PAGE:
There is a quote from a TV show that reads,  “It’s the oldest story in the world. One day you’re seventeen and planning for someday. And then quietly and without you ever really noticing, someday is today. And that someday is yesterday. And this is your life.” Since we were Freshmen, we have been planning for and counting down to this moment. Now, here we are, and we are already planning for the coming years. The future holds some of our biggest challenges yet. With everything La Salle has taught us, starting the day with our faith, having a couple of friends to help us paddle along, and loving people for the size of their hearts, I am confident we can face these challenges. So, to the Class of 2019, I want to say thank you for the best four years of my life. It has been an unreal experience.

Roll Rams.

Catherine M. Medeiros–Alumna (Class of 2019)

Our Lasallian Time Capsule

(Student Welcome Address at the Commencement Exercises for La Salle Academy on Thursday evening, 6 June 2019)


I am honored to welcome you to La Salle Academy’s 148th graduation ceremony. Benjamin Disraeli said, “Time is precious, but truth is more precious than time.”  As we are now in our final moments as students of La Salle Academy, time is truly precious.  It feels like yesterday we were all nervously walking into orientation, unsure about what our La Salle experience would be like. Four years of making the halls of La Salle our home have quickly gone by.  This year, we celebrate the 300th anniversary of the death of our founder, St. John Baptist de La Salle, and we are quickly approaching the 150th anniversary of La Salle Academy, Providence. Now, we truly become part of this bigger legacy, one that has spanned great lengths of precious time.

So now, we must ask ourselves: what is our contribution to this legacy?  If we wanted to capture this class, to make a time capsule, what would we want to fill it with?  What would tell our piece of the story?

We would fill it with our academic successes. Not just our report cards and SAT scores, but with the knowledge we have gained from our teachers, the curiosity to explore the world around us, and a passion to be lifelong learners.  The Class of 2019 is off to universities, colleges, and careers across the country in every discipline imaginable.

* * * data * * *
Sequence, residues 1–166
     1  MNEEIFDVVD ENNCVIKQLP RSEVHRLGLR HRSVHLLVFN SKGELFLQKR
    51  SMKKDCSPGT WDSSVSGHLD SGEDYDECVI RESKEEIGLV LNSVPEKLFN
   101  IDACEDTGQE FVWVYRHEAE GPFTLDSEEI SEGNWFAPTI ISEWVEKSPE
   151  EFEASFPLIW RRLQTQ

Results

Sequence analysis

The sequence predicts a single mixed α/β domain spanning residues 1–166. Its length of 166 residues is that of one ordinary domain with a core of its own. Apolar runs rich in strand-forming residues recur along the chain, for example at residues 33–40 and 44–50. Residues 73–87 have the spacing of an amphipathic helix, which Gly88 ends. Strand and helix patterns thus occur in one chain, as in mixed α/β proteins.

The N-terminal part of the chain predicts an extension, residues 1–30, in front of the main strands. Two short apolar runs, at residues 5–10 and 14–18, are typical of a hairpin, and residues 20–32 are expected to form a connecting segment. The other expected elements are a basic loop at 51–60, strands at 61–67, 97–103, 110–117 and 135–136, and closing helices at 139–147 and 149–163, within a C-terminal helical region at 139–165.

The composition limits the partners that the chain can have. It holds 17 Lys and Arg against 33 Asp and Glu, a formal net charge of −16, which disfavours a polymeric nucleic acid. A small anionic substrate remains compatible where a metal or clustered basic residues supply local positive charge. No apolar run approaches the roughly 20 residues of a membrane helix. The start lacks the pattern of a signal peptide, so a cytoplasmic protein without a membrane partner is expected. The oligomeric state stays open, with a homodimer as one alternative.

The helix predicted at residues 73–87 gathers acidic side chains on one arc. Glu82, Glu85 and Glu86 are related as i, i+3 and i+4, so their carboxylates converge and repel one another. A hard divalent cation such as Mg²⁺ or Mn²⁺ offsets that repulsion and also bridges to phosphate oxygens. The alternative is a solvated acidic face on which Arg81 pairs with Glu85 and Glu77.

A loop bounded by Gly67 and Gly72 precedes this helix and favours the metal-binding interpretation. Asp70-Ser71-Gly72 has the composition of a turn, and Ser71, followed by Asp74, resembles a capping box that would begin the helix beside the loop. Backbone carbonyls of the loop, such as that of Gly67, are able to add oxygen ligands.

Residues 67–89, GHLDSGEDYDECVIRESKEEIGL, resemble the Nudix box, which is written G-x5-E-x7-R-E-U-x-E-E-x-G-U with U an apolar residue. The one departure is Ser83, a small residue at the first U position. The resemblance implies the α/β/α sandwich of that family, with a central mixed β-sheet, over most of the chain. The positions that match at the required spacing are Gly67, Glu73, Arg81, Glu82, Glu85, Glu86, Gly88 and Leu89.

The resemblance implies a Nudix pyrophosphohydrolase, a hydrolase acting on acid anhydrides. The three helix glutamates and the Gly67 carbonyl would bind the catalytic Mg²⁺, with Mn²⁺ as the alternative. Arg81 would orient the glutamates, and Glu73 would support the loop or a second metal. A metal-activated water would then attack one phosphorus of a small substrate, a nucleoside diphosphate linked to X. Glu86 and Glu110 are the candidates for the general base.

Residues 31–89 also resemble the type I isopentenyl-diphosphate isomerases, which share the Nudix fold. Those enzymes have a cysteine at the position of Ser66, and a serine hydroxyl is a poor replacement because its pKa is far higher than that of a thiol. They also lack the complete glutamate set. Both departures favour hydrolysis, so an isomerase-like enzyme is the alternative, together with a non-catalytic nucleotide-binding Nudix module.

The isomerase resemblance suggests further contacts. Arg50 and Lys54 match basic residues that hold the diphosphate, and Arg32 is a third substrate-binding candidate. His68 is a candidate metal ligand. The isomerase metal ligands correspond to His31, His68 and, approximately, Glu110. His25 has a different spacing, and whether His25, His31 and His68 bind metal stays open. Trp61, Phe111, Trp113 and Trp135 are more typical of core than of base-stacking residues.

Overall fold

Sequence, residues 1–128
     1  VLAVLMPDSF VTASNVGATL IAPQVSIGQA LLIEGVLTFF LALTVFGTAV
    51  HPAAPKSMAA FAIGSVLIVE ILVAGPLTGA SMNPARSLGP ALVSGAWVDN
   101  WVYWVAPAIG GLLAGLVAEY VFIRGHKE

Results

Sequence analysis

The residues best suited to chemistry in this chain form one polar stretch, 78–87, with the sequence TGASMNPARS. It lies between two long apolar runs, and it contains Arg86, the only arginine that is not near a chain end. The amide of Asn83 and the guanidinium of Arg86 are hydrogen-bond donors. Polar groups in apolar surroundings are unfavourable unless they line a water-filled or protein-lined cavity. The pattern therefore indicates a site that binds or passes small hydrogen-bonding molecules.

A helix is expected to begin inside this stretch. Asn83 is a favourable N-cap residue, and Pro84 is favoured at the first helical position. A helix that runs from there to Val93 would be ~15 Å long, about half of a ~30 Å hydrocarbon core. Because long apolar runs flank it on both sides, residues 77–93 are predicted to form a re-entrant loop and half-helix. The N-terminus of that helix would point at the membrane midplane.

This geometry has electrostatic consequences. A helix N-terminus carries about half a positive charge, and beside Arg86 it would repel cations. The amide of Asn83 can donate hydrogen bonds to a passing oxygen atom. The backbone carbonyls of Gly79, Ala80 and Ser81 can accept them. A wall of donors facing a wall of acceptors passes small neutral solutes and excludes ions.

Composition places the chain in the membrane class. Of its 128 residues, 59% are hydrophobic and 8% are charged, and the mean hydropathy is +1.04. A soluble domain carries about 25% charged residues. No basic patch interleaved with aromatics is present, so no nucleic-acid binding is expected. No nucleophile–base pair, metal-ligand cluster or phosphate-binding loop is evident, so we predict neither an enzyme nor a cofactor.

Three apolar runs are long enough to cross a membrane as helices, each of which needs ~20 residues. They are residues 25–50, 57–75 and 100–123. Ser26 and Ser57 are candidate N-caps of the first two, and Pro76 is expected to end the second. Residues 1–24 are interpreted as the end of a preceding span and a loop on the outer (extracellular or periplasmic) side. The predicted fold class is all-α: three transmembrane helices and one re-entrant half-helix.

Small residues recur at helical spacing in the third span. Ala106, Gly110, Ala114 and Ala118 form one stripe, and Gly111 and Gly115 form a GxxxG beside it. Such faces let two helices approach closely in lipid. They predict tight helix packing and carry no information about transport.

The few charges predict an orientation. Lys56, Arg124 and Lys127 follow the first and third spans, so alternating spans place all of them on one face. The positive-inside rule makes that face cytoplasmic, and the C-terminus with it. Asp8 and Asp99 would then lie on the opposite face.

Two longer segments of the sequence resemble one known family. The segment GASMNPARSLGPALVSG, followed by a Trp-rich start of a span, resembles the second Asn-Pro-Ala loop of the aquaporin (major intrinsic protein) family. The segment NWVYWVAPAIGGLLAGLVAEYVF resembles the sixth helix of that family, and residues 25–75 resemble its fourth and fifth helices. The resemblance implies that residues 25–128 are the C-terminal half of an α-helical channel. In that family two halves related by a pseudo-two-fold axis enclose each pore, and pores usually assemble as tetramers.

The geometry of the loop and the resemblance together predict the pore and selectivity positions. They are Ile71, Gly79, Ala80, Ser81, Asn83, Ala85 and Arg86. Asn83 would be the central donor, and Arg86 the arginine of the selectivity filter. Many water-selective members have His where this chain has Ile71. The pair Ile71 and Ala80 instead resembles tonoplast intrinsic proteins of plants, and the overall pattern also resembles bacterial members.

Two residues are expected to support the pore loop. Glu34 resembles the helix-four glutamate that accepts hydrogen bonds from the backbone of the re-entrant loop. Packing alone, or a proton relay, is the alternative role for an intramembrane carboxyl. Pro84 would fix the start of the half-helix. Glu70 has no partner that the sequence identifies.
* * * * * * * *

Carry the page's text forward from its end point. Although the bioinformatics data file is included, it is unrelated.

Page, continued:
We would want to put in our time capsule our artistic abilities, the paintings and performances, the videos and concerts; a record of our talented artists who saw beauty in the world and shared it with us in artistic expression.

Into the time capsule would go our athletic victories, the trophies and rings, but, more importantly, the values we learned here.  On the fields and courts, running on tracks and skating on the ice, we have made La Salle proud of our sense of fair play, the perseverance we have demonstrated, and the relationships we have formed with our teammates.

We would want our time capsule to hold our contribution to the Lasallian mission.  When others look back, they will see that we did the good work as people of faith in Christian Service,  service learning trips, and through the kindness we showed one another. We served the poor and the marginalized, sought social justice, and showed our love for God by loving each other.

We would stuff the time capsule with memories of friends, tailgates before football games, school Masses, and the musical, Oklahoma. It would burst open with the friendly faces from homeroom and our lunch table and glow with the kindness and guidance of our teachers, Campus Ministers, and the endless support of our parents.  It would show the care and effort of our Dean, Ms. Doyle, for the countless hours she has devoted to our class and constant concern she has shown each one of us. But, unlike other time capsules, while we do gift it to the legacy that is La Salle, we don’t just leave it behind. We take it with us in our hearts wherever our roads lead in our future. We do not bury these achievements underground but continue to breathe fuller life into them as we, with the help of God, share them in the communities we enter in the future. Whether we are working, pursuing a degree in college, or serving our community, these pieces of our Lasallian time capsule will always be with us.

Time is precious, but the truth is more precious than time.  And the truth is that, from the outside, our time capsule may appear similar to that of the many classes that have come before us, but our unique talents and memories have overflowed the inside of our time capsule.  The truth of this class is that we have upheld and made proud the tradition of La Salle Academy. The truth is that we have enhanced its history and culture through our participation in it and that only time will further tell what we will contribute in the years to come.  While we proudly join the thousands and thousands of alumni that have enjoyed the fulfillment of graduating La Salle Academy, the truth is that today is for us, the Class of 2019.


Austin G. Marinosci–Alumnus (Class of 2019)